After yesterday's extensive esoteric exploration of investing philosophy, I decided that I'd better climb down off of the soap box and talk about something a bit more concrete in this morning's missive. And while I'm not a big believer in investing based on one's view of the world, I thought it might be a good idea to take a look around to see what might interrupt the bulls' current joyride to the upside. In other words, I'll be asking the question: What could go wrong from here?
Right now it is fairly easy to bullish. The Dow has been up 11 of the last 12 days. The DJIA, Mid- and Small-cap indices all made new all-time highs yesterday. Money is coming into mutual funds for the first time in years as it seems the press has convinced the public that a new high is the same thing as an all-clear signal. The Bernanke Fed (as well as most of his foreign counterparts) is keeping rates low and has promised to keep them that way for quite some time yet. Earnings are approaching record highs. Inflation is low. The economic data has been B.T.E. (better than expected) across the board lately. There is talk of funds rotating out of bonds and into stocks. So in short, what's not to like?
Three weeks ago, the general sentiment toward the stock market was something akin to fear and loathing. However, all the talk about new highs seems to have created a shift in people's attitudes as our sentiment indicators now suggest there is entirely too much optimism out there. The cheerleaders like Jim Cramer are giddy with excitement. CNBC can't create new countdown tickers fast enough to keep up. And assuming the S&P kept up the current pace, it would finish the year with a gain of more than 35%. Booyah indeed.
So, what could go wrong from here, you ask? Plenty. First and foremost is the fact that Wall Street and its computers do enjoy a good repeatable trend. So, given that this is the fourth year in a row that stocks have started off strong and that employing a “sell in May and go away” strategy has been effective each and every year (at least to some degree) since 2006, I think it is a safe bet that the bears might find a way to make a comeback at some point in the next month or so.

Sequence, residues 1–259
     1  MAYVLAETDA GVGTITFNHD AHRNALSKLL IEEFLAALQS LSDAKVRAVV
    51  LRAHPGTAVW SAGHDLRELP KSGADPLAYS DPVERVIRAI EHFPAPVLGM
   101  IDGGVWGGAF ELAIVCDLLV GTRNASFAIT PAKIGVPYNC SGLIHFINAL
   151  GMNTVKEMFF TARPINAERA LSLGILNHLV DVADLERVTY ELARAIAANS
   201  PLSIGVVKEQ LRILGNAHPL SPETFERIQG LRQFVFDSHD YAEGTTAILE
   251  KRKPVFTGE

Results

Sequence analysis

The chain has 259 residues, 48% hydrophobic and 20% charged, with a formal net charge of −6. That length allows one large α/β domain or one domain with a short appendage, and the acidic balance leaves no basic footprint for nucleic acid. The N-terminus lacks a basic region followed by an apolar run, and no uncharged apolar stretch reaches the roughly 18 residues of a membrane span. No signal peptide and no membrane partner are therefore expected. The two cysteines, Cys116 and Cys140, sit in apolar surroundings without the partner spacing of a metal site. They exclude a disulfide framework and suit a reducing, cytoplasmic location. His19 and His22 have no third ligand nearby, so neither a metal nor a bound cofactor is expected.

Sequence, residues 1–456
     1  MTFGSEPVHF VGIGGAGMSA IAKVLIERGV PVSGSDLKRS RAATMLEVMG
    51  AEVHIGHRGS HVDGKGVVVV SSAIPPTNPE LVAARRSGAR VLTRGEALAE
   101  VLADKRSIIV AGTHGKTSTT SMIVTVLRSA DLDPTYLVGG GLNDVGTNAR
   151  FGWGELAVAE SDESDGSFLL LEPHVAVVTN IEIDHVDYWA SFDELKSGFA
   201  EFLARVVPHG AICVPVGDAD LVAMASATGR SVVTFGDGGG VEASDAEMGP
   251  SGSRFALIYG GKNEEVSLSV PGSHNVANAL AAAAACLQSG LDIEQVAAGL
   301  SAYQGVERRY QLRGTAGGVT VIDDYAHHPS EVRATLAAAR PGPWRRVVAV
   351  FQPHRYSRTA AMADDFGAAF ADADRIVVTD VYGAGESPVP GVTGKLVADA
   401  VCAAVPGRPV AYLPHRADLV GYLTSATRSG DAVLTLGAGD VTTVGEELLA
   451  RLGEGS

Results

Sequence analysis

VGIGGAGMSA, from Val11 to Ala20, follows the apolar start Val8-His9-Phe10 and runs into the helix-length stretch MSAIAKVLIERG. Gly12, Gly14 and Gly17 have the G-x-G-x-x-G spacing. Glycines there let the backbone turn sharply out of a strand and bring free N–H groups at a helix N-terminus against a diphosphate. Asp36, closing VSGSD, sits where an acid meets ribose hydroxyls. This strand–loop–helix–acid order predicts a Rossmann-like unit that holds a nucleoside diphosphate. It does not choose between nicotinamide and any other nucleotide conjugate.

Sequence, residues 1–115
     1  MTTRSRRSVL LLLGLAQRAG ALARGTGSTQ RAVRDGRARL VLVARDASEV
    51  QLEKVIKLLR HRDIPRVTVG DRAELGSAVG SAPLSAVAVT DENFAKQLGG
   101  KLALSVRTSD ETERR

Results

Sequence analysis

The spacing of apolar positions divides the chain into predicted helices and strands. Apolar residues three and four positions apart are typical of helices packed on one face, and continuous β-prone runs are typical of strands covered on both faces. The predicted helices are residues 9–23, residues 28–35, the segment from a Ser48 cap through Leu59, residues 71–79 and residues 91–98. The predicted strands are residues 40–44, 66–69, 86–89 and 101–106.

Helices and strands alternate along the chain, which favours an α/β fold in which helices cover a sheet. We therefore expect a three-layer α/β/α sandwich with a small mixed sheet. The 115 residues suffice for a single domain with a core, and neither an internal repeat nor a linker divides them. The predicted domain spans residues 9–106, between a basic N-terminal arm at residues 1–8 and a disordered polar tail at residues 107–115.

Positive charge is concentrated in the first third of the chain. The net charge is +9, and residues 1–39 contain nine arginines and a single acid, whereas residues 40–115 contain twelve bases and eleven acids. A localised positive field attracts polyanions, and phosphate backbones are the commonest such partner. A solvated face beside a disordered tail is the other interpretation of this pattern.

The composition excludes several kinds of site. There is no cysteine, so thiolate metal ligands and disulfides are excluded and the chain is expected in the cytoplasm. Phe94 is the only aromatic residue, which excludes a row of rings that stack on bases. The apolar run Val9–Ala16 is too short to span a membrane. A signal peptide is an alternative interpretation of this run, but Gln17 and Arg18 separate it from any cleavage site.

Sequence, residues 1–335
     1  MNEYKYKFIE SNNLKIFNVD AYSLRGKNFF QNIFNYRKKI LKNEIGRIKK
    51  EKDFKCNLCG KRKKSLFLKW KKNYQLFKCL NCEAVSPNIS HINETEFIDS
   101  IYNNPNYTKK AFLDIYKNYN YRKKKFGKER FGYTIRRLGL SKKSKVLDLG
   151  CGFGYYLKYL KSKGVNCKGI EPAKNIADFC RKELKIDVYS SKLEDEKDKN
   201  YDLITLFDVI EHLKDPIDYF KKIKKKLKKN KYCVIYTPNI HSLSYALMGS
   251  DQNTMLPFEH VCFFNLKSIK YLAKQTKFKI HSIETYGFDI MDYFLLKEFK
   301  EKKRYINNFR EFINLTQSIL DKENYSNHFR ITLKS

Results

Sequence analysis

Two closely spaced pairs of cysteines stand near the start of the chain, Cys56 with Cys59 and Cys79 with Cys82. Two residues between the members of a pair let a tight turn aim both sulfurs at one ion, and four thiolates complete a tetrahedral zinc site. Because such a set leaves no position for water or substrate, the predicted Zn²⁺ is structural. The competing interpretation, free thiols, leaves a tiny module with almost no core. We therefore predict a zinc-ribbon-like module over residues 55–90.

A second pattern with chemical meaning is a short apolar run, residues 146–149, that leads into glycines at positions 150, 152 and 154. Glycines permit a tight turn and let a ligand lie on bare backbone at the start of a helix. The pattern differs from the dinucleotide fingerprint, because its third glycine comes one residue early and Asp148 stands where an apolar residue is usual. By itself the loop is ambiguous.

However, I'm also the guy who has been yammering on about the idea that the bears are going to need a catalyst in order to start dancing to the downside in earnest. So, let's talk about some of the things that could spoil the bulls' expectations for a straight-up year.
One of the most obvious things that could become a problem for stock prices (at least from a short-term perspective) is if the economy exits the Goldilocks zone and begins to heat up. Recall that I have opined recently that the economy will be just fine, thank you, as long as a new crisis doesn't appear. So, if there are no external shocks this year such as a financial crisis, a Tsunami that threatens one of the most populated places on the planet, a new uprising in the Middle East, or the demise of the euro, then I'll bet the economy can improve – which, of course, would be a good thing.
But, if the economy really starts to roll and companies start to hire again, then the Goldilocks scenario, where the economy isn't hot enough to cause inflation or the Fed to pull the punch bowl and not cold enough to cause concern about a recession, would have to be shelved. In short, interest rates would likely begin to rise faster than the Fed could (try as they might) control them. And while a stronger economy is indeed a good thing in the long run, a spike in rates could be a problem for the stock market as any company with a lot of leverage would clearly be negatively impacted.
Next up is China. Although a growth rate of 7.5% may be enviable to most nations, China is trying to walk a fine line at the present time. You see, the country needs to create growth in order keep their people working and maintain order. Yet at the same time, the combination of strong growth and low interest rates is creating something of a bubble in real estate prices. Thus, the government is trying to keep economic growth up while putting a lid on real estate prices. To say this is a tricky situation is obviously an understatement. So, if China brakes too hard, their economy could slow too fast, which, in turn, would impact global economies – and not in a good way. But if they don't rein in real estate prices, well, we all know how that movie ends.
Then there is the budget battle in the United States. Although the two parties have agreed to take a step back and tone down the rhetoric at the present time, this doesn't mean anything's been solved. And just this week a rumor that Moody's is getting ready to downgrade our credit rating sent stocks into a tailspin over a 30-minute period. So, if Washington can't figure a way to work this thing out, then debt downgrades are a distinct possibility later this year.